It has become a tradition. Just as the World Series of Poker winds down at the Rio in Las Vegas and most poker players become anxious to enter a rest and relaxation period after a long summer of poker, the Bellagio Cup launches at the Bellagio only a few blocks away. And hosting a main event with the World Poker Tour name will draw the players, no matter their levels of exhaustion or frustration with poker. Thus, the Bellagio Cup remained a hit in its fifth year.
Play began on Monday, July 13, as the first event of the eighth season of the WPT got underway. The first of two starting days brought only 79 players to the tables, but the field was thick with well-known pros. Day 1A ended with 60 players and Alec Torelli as the chip leader holding a 308,675-chip stack, and he was followed by recent WPT champion Cornel Andrew Cimpan, who claimed 256,375 in chips.
Day 1B more than doubled the field, finding 188 players in their seats and sending the final number of registrants for the tournament to 268. That created a prize pool of $3,899,400, which would be dispersed to the final 27 players in the event, giving $1,187,670 to the ultimate winner. From the second starting day of players, there were about 161 survivors, and Vijayan Nagarajan was the chip leader of the day with 256,775. Matt Graham followed up with 195,150 for the second spot on the leaderboard.
The remaining players combined to compete on Day 2, which resulted in Alec Torelli coming through strong to end with 590,200 and the chip lead. Day 3 found a new leader in Faraz Jaka, who ended the day in dominating position with approximately 3 million chips. The next closest player was Anthony Spinella, who had 1,250,000 when the day was done. Only 31 were left after the carnage at the tables, and they returned for a short Day 4 that found the bubble bursting via Erik Seidel ousted Tommy Hang in 28th place. That left the last 27 players to cash but only 10 to survive the day with Faraz Jaka still in the chip lead.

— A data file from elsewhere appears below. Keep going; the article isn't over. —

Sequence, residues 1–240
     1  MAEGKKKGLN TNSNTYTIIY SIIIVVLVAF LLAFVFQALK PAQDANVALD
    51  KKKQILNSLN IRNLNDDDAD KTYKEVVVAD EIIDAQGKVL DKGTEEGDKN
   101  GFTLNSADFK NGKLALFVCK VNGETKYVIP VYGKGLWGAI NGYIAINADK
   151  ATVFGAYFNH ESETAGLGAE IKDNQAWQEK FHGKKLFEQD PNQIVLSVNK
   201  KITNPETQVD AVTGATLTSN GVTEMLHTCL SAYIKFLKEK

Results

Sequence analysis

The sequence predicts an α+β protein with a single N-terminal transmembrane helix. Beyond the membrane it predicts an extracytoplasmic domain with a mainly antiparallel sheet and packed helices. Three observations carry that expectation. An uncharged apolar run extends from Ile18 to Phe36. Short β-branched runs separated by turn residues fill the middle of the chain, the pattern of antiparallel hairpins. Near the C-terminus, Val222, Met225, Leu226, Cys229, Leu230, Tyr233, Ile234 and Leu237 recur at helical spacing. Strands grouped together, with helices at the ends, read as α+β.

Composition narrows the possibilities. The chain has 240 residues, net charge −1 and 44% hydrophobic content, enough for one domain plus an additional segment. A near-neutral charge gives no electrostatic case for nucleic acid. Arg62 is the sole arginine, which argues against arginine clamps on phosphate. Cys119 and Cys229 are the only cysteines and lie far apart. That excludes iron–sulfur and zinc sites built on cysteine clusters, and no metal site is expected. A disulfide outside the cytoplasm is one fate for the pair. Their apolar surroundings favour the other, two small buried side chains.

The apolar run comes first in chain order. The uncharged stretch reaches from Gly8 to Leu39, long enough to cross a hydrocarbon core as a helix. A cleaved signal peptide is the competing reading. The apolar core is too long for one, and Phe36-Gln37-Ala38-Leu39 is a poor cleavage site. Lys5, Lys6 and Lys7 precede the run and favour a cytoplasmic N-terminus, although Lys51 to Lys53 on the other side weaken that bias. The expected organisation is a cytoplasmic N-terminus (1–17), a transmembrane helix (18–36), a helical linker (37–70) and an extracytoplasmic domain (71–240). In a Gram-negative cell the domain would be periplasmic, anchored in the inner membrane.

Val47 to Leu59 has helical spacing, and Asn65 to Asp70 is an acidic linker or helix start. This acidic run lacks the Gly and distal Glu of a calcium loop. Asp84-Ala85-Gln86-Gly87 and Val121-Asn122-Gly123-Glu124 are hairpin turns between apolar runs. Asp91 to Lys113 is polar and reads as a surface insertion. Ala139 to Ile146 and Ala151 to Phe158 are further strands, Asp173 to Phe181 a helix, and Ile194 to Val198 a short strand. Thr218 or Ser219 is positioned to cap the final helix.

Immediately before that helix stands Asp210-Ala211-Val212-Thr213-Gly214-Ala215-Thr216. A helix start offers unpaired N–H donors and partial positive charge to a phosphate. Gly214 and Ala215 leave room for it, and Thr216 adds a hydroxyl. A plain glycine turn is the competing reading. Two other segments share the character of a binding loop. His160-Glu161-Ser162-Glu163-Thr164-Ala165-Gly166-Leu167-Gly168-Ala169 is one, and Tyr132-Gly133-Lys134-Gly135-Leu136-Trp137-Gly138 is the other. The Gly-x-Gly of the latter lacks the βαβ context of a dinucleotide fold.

Day 5 was the day that the ten players would be reduced to the television table six. It started with Alec Torelli eliminating Pavel Reshetov on the very first hand of the day, sending him out in tenth place with $46,485. Faraz Jaka then went on to take out two players in the same hand - Sam Stein took $61,980 for ninth place, and Ray Taylor grabbed $87,160 for eighth.
With one more to go, it was on the 28th hand of the afternoon that Mimi Tran finally pushed her 382K into the middle with pocket jacks, and Jaka called with . The flop hit Jaka with , and the on the turn made it even better. The on the river eliminated Tran in seventh place, for which she received $125,900.
The final table was then set with chip counts and seating assignments as follows:
Seat 1: Faraz Jaka 5,041,000
Seat 2: Erik Seidel 2,170,000
Seat 3: Christoffer Sonesson 1,671,000
Seat 4: Alexandre Gomes 1,586,000
Seat 5: Justin Smith 2,992,000
Seat 6: Alec Torelli 2,623,000
No one could have predicted the slow pace of the final table, especially as compared to the other five days of the tournament. The action began with Jaka taking a substantial pot from Justin Smith, but it wasn’t until quite a few hands later that Seidel was able to make some headway by taking a 1.5 million-chip pot from Jaka. The two tangled again, though, and Jaka came out on top via a 3.4 million pot.